‘South Florida is a hockey town’: NHL announces donation to rebuild outdoor rink in Fort Lauderdale

The National Hockey League announced a $120,000 donation to support the renovation of an outdoor hockey rink at Fort Lauderdale’s Holiday Park Saturday morning, amid the festivities of the League’s All-Star Weekend, currently taking place at the park and throughout South Florida.

The donation comes as part of the NHL’s Legacy initiative, a project that gives back to the communities of cities that host NHL events.

“Thank you for choosing us,” said Matt Caldwell, president and CEO of the Florida Panthers, in a brief speech outside the Parker Playhouse on Saturday. “I know you have 32 cities that you can choose for the All-Star game, so I’m glad you see that South Florida is a hockey town.”

The hope is to make South Florida even more of a hockey town, and not just for pro athletes. The $120,000 will go towards renovating the existing roller rink, as well as programs to promote the sport in the South Florida community, especially for girls, Caldwell said: “The girl’s program is going to be the core of this.”

He was joined by fellow National Hockey League executives, Fort Lauderdale officials, children with the Boys and Girls Club of Fort Lauderdale, and the two Florida Panthers players participating in the 2023 All-Star Game on Saturday, Aleksander Barkov and Matthew Tkachuk.

The Florida Panthers and the city are also currently in the process of building two new ice rinks at the War Memorial at Holiday Park, one for the community, and one to serve as a new practice rink for the Panthers, with stadium seats for fans to watch the players. The site will also include a major concert venue and a restaurant.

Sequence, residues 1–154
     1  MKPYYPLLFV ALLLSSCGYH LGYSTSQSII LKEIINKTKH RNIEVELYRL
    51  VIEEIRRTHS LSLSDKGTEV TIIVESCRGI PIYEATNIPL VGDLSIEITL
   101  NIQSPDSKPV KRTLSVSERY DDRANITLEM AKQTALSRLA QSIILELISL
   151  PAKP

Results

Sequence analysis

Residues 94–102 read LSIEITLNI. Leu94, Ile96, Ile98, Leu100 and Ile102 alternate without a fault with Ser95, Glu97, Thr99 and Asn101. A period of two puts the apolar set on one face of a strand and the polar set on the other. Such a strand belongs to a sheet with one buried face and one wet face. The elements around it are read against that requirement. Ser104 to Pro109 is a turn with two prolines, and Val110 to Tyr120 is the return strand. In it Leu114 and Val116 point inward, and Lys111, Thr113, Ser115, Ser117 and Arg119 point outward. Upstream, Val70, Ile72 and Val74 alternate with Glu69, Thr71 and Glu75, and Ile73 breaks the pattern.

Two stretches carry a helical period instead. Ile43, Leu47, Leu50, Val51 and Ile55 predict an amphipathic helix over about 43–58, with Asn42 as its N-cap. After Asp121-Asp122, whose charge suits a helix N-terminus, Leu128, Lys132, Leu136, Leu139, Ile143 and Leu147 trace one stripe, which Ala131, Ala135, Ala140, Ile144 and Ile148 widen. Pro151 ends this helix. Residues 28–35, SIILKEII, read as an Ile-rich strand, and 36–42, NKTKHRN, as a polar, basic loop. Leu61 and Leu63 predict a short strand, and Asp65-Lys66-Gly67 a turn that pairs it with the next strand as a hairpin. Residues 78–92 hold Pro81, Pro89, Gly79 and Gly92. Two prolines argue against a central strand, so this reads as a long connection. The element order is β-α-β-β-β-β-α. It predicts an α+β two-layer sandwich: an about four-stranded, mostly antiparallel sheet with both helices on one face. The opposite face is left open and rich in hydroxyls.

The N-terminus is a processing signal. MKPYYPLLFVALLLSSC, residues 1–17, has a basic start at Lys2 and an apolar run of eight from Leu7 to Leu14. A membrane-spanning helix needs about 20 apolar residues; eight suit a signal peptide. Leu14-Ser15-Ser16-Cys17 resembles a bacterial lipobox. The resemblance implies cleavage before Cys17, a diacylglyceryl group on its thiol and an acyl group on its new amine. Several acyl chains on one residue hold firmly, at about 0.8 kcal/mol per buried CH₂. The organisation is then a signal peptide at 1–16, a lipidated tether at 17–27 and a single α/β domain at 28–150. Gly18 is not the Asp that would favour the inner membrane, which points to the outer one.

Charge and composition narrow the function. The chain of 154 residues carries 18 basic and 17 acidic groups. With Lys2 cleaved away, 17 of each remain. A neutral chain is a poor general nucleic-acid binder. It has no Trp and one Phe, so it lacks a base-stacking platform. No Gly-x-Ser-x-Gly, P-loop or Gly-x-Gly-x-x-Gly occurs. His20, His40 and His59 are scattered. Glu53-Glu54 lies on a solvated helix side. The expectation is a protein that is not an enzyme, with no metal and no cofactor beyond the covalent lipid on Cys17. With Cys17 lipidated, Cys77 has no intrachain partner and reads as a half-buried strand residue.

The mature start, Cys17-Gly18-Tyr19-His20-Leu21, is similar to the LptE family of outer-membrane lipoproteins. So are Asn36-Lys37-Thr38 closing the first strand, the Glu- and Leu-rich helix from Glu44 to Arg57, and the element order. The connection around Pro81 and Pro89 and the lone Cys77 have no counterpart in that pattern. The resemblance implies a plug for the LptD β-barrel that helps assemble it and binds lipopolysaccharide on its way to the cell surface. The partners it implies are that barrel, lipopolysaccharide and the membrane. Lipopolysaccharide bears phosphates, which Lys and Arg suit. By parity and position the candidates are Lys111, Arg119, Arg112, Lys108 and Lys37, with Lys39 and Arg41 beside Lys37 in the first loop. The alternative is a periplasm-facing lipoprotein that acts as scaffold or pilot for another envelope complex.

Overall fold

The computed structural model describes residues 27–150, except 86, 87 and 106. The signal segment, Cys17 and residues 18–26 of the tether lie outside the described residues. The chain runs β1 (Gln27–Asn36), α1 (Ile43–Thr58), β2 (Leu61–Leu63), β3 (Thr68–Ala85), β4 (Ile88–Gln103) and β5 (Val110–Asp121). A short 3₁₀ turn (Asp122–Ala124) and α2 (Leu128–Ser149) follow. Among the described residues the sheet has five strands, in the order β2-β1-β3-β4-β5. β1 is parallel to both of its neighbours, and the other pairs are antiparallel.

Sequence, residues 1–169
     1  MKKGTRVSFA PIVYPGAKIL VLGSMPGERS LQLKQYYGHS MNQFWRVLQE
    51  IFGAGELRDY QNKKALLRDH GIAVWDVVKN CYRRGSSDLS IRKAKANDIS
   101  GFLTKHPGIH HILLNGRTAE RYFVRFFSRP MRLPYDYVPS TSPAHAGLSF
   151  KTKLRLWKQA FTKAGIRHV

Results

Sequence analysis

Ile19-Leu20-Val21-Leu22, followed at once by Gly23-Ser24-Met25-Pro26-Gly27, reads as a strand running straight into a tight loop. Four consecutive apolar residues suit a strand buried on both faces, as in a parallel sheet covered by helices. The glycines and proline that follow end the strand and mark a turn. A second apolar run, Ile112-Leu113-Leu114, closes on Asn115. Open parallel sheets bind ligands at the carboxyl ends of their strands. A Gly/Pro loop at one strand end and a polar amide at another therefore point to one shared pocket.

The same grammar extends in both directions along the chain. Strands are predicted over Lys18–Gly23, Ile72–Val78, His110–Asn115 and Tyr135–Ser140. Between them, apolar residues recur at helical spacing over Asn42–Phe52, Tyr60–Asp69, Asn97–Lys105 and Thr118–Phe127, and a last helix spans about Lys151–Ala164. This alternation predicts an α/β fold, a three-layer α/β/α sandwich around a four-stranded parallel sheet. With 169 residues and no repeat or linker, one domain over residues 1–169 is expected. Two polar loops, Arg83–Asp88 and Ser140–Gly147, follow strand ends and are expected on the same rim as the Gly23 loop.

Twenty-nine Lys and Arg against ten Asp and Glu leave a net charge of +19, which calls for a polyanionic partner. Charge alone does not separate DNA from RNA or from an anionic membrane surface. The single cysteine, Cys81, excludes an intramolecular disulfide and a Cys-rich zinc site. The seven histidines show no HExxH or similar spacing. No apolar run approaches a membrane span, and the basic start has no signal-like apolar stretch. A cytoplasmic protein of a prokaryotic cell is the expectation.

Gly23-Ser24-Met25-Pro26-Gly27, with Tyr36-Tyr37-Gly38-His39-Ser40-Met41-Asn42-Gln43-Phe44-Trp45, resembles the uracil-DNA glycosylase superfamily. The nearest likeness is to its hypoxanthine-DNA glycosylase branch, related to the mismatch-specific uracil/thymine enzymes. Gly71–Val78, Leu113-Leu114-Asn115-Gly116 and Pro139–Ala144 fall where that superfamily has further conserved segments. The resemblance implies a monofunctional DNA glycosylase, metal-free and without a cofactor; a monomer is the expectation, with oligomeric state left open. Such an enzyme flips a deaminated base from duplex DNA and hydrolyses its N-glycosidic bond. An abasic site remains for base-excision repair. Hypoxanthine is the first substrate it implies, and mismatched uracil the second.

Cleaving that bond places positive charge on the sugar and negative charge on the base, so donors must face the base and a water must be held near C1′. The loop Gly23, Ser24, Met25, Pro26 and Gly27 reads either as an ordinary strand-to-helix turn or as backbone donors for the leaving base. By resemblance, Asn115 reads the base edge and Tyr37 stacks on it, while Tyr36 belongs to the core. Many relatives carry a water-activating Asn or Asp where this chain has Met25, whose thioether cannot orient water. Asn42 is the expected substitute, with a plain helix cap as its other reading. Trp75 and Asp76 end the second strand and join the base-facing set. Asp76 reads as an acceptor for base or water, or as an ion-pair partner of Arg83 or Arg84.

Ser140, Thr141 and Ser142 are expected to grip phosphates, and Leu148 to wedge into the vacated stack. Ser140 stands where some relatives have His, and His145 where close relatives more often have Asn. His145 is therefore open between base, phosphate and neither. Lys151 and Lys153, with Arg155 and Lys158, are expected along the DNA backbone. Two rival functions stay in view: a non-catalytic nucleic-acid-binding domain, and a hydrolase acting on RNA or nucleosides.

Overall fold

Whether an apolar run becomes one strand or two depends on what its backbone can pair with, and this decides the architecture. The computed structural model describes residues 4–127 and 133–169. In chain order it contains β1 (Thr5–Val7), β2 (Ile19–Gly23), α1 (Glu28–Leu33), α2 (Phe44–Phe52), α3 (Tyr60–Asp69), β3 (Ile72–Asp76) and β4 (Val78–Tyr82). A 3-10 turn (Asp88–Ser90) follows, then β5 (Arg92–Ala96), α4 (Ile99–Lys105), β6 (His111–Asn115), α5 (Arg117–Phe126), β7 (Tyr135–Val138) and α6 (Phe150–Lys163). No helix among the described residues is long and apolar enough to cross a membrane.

“The presence of the Florida Panthers continues to make itself known,” Fort Lauderdale Mayor Dean Trantalis said in a speech. “Across the street, we’re going to see two brand new hockey rinks, one for practice play for the fabulous team that we have here in our community, but also for the community, also for you guys, the kids, the families, the parents to brush off those skates and get back on the ice.”

The two ice rinks should be “up and running,” by summer, said Commissioner Steve Glassman, who represents District 2, which includes Holiday Park.

Another All-Star weekend effort to promote hockey among underserved communities was criticized by Gov. Ron DeSantis a few weeks ago, when he described a job fair that coincided with the events called “Pathway to Hockey Summit” as “discriminatory” because the ad for the fair said that participants had to be members of certain minority groups to attend.

The League said the ad’s wording was a mistake and revised the wording, and the job fair was held on Thursday.

On Saturday, speakers celebrated the League’s efforts to make hockey more accessible.

“In this community, we’ve seen the generosity and the heart and love and just the heartfelt pouring out of embracing those who are underprivileged, and those who are in disadvantaged communities,” Trantalis said in his speech, “to see how an effort such as this can include everybody, how diversity and inclusiveness is the definition of Fort Lauderdale.”